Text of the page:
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Q&A with Saint Solitude

Saint Solitude is the stage name of Dup Crosson, an Asheville resident who manages to create full-bodied, melodic pop as a solo musician. This Saturday, he comes to Local 506 with Free Electric State and Birds and Arrows.

Crosson took a break from a bike ride to chat with Diversions staff writer Anna Norris about his creative process, local music festivals and his take on local music scenes.

Diversions: You are responsible for almost every note on this album. Did you choose to do that out of necessity, or were you looking for maximum stylistic control?

Dup Crosson: There’s some trumpet and cello and some vocals done by friends. It’s kind of the way I’ve always done it, so it’s mostly out of habit. I always joke around with people saying it serves my megalomania a lot better.
I really just like being in control of all those nuances. I do miss the closeness and creativity with other people in the studio, but I also work really strongly when I’m by myself in a creative atmosphere by myself.

Diversions: Was it hard to get used to touring with a full band?

DC: I had always traditionally played with other people, and I used to do a solo show with a loop station. I think I still like making records by myself but as to playing live shows the chemistry speaks for itself. I think the audience really connects more when you have a full band. Also for me, I’m a drummer first and foremost, and having live drums really means a lot to me.

Diversions: Was it a coincidence that you chose such a lonesome-sounding moniker with your lush, poppy sound, or was it all on purpose?

DC: That was actually a total accident. The name wasn’t meant to be what it turned out to be. I didn’t expect this project to turn into my solo thing. It just kind of stuck. And I think over the years I have made more upbeat music. I think it was a reflection of where I was personally. I did grow up listening to depressing music, but it’s hard to listen to Elliot Smith record after Radiohead record after Smashing Pumpkins record.

Dive: Your Myspace says there are only a few more shows before heading into the studio. Are you going to keep it as a solo thing, or are you going to add a few more people in the process?

DC: The basics of it will be just me. I’ve been demo-ing a lot of sounds that are just me. But I’ve got another month before I head into the studio to start recording, and I’m going to try and get a lot of people into the process.
I think I want a little more third party critique and intervention. I don’t want to limit myself to just my own ideas this time. I want to bounce some ideas off of other people. I have met a lot of other people whose talents I want to use.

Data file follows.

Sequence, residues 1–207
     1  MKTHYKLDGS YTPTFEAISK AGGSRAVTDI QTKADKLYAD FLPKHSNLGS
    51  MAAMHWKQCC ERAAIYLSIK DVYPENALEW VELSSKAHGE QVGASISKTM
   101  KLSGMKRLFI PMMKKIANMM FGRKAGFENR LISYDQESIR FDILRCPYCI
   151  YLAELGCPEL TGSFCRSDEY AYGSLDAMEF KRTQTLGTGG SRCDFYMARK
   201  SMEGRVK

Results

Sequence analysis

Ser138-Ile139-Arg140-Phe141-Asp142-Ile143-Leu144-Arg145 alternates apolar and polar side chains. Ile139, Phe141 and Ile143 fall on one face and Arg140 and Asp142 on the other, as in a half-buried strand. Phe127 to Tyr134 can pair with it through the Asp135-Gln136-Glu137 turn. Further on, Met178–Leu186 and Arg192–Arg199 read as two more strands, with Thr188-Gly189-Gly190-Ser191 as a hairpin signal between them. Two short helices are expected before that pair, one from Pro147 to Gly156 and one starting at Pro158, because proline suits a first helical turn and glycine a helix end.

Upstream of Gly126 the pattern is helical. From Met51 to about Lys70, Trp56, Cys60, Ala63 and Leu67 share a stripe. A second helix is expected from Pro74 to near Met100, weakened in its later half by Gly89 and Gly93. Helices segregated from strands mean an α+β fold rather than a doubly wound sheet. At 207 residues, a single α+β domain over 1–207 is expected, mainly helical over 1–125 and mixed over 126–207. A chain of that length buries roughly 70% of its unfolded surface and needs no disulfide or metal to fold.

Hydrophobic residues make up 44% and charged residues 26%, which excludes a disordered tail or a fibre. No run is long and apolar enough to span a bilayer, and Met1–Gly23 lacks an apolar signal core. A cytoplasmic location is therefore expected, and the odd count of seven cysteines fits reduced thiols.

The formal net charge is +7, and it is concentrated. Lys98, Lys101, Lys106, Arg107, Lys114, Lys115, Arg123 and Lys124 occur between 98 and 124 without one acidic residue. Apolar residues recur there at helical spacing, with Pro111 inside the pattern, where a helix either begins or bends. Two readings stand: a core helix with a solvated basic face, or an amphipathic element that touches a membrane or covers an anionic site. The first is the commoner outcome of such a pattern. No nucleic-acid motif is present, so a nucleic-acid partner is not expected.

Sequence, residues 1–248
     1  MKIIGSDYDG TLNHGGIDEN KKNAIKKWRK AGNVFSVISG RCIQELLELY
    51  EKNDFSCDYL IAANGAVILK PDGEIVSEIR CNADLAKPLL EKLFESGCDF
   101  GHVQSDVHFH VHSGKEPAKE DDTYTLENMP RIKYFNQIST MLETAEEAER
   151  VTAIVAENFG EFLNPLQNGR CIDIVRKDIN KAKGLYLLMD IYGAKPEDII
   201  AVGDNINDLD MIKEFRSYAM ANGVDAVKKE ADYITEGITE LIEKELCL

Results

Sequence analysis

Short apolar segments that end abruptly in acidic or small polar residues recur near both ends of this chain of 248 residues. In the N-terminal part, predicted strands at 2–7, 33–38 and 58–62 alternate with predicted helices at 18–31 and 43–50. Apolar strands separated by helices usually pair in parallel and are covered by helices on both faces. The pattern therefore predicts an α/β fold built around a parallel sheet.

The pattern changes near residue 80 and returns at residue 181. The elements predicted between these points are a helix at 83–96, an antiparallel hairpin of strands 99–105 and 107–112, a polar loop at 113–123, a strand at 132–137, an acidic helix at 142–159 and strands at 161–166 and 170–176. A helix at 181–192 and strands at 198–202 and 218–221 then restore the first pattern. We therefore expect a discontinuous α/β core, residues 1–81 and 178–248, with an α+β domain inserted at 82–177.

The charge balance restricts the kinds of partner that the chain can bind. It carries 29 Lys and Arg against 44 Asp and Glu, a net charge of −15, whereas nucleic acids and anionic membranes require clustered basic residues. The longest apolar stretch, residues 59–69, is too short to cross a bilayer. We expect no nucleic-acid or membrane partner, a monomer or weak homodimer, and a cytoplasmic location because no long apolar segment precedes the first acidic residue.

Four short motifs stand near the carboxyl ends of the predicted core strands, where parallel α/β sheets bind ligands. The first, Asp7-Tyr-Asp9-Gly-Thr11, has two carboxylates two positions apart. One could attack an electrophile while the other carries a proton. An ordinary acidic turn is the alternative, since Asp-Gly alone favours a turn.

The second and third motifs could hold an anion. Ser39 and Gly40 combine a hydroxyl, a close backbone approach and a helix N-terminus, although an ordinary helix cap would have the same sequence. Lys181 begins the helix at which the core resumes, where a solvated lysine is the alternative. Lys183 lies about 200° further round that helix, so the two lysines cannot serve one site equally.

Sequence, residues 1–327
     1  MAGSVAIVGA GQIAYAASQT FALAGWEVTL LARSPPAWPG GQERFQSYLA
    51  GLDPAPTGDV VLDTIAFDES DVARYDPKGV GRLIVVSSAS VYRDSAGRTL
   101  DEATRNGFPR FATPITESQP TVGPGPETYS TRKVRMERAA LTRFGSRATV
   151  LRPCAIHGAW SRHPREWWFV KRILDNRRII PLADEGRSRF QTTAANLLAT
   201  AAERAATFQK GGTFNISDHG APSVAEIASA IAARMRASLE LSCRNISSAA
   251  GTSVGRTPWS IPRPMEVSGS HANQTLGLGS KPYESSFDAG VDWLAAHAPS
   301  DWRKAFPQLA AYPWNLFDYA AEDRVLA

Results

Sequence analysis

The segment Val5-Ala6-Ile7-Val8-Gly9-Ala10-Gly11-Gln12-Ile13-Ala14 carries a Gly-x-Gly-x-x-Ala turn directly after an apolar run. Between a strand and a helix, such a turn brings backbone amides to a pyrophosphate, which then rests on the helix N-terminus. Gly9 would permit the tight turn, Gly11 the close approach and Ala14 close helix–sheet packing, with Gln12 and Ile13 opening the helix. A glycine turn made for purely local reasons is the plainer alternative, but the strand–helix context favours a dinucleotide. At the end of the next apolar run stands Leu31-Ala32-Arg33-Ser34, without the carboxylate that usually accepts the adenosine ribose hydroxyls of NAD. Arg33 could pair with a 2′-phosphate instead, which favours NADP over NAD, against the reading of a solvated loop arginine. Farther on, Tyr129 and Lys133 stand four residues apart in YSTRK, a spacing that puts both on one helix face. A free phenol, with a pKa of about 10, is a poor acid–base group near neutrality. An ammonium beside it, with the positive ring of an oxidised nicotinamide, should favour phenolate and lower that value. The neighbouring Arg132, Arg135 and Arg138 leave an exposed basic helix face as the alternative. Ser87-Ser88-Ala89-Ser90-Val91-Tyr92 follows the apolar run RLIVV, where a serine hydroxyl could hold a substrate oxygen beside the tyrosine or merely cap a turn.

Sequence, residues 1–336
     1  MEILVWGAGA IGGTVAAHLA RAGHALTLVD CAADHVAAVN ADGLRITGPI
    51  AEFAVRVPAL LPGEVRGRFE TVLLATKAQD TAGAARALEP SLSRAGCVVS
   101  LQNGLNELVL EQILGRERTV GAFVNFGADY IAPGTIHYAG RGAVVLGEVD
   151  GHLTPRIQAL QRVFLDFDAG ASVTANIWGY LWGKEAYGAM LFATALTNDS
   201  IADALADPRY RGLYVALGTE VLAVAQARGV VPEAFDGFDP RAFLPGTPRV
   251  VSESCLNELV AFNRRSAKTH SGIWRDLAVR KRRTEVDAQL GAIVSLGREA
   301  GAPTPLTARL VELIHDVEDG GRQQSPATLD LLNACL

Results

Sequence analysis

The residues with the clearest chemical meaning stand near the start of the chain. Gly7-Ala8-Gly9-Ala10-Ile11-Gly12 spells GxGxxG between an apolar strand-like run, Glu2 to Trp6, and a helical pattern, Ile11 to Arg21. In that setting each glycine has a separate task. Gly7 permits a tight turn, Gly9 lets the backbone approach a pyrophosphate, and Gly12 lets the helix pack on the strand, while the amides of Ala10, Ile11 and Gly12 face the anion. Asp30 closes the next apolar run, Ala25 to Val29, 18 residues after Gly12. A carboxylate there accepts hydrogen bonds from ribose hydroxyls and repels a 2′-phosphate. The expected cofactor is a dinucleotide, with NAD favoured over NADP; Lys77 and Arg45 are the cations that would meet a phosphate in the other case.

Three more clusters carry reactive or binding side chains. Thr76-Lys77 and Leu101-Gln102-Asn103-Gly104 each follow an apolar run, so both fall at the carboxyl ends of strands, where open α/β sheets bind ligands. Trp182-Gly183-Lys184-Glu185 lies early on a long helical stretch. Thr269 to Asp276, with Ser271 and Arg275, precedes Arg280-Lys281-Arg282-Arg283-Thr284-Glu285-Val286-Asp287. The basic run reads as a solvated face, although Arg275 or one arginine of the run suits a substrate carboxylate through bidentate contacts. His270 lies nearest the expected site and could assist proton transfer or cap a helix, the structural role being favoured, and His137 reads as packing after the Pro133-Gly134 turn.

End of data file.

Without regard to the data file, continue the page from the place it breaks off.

Dive: Do you have any plans to check out Hopscotch or a little closer to home, Moogfest?

DC: I could potentially check out Hopscotch. Moogfest I was on the fence about. I really do want to go see bands like School of Seven Bells, but I don’t know if you know this, you’re not guaranteed an entry even with a ticket. I don’t know about dropping $75 and not being sure you’ll get to see the bands. But you know, I’m not used to the festival thing.

Dive: What are your plans for shows this weekend, and for traveling and touring after this upcoming album? Would you like to try and get into the festival circuit?

DC: Well, you know it’s a little early in the planning stages to be looking at tour destinations just yet, but yeah definitely. I’d love to play a couple festivals, it’d be a great atmosphere. You know, if the demand is there, we’ll go there. I’m really excited for the show – I’ve played Local 506 before and it immediately spoiled me as to where I want to play around Chapel Hill. I think it’s one of the best venues around there.

Dive: You reside in Asheville, but you’ve played a lot of shows in Chapel Hill and Raleigh. What would you say the about the music scene in Asheville versus the one here?

DC: Actually, I have this conversation a lot with friends in Chapel Hill who want to convince me to move to Chapel Hill. They say my project would be more accepted there, but the sense of place I have in Asheville is very strong, and to me that’s more important than being in a place where the scene might be better. It’s like moving somewhere for a new job — it’s not going to work if you don’t feel a connection with the town.

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